Farm Laws: Explainer

   Posted by: aman   in Punjab

Dear Friends,

Recently Trolley Times asked me to write an easy explainer on the three Farm Laws. The piece came out in Panjabi in yesterday’s edition of Trolley Times. I am putting it up here for your reading and sharing.

When we look at any law, bear in mind there is always a letter of a law and a spirit of a law, and then there is the timing of the Law. The exaggeration in the names of the anti-farmer Farm Laws betray their spirit which truly should be to benefit the farmers, the labour, those engaged in agriculture who amount to over 50 per cent of India.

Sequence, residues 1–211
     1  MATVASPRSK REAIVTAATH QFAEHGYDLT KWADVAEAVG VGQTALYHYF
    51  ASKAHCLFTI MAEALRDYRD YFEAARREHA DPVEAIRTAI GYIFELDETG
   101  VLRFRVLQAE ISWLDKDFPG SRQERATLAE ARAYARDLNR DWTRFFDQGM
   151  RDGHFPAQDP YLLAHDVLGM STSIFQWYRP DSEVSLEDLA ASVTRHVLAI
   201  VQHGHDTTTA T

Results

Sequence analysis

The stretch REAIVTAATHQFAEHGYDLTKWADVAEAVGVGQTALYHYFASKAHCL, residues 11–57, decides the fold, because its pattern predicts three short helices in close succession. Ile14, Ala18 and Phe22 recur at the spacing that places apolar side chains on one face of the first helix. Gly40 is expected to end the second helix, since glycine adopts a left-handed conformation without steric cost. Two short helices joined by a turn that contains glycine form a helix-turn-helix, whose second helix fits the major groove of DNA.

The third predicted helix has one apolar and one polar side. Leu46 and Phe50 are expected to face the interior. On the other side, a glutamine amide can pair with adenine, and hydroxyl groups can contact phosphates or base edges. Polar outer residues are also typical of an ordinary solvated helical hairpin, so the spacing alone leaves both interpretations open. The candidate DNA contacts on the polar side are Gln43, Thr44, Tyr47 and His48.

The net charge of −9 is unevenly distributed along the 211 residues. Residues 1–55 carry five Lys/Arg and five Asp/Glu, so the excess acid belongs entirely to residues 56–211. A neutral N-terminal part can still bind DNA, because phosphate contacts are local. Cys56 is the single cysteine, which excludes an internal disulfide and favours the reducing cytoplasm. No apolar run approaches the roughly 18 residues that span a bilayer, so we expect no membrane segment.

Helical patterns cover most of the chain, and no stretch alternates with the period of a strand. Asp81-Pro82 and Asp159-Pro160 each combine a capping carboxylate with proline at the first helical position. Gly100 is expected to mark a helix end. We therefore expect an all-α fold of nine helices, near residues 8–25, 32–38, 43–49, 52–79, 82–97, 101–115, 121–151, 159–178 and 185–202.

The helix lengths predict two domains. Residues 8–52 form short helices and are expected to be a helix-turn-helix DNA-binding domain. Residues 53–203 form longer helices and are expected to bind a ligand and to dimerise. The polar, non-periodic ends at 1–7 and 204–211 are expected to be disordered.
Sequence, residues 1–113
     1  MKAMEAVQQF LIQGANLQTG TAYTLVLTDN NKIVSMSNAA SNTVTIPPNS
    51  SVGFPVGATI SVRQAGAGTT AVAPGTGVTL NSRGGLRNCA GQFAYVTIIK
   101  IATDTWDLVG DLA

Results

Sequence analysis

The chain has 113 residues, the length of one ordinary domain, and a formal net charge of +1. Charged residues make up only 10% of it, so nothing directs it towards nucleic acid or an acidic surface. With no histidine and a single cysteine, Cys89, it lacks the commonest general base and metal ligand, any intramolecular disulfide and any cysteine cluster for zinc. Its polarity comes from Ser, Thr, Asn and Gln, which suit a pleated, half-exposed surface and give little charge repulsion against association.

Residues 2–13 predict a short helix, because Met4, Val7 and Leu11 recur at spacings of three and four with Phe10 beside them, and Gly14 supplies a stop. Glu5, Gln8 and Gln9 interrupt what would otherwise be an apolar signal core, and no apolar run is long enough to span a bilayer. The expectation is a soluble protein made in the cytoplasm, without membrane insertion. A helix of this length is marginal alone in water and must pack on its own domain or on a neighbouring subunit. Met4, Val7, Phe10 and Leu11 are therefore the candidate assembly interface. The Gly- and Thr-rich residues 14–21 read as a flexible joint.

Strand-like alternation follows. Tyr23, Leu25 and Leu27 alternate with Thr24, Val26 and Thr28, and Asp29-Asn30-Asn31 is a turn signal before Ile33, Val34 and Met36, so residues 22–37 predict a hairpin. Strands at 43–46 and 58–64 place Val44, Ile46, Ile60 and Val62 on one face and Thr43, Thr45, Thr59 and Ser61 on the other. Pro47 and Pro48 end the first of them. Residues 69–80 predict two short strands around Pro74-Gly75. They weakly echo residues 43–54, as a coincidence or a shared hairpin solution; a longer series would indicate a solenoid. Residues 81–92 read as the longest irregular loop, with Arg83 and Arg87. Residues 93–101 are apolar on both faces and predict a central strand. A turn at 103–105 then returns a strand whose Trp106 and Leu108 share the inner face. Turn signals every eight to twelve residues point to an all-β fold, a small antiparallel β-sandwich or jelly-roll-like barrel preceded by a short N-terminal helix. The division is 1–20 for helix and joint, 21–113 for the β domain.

The Ordinances came in June when Coronavirus pandemic was at its peak and India was under lockdown. When a special Parliament session was called in September, the national economy in the previous quarter had slipped to -23.9 per cent with positive growth 3.4 per cent only in the agriculture sector. In the Rajya Sabha, the Bills were bulldozed into Laws through a hasty voice vote when Opposition was on protest outside. These sequences of events reveal the government was acting in stealth and did not have the farmers’ interest in mind.

Owing to shortage of space, instead of the full text of the three Laws let us look at them in brief and their implications.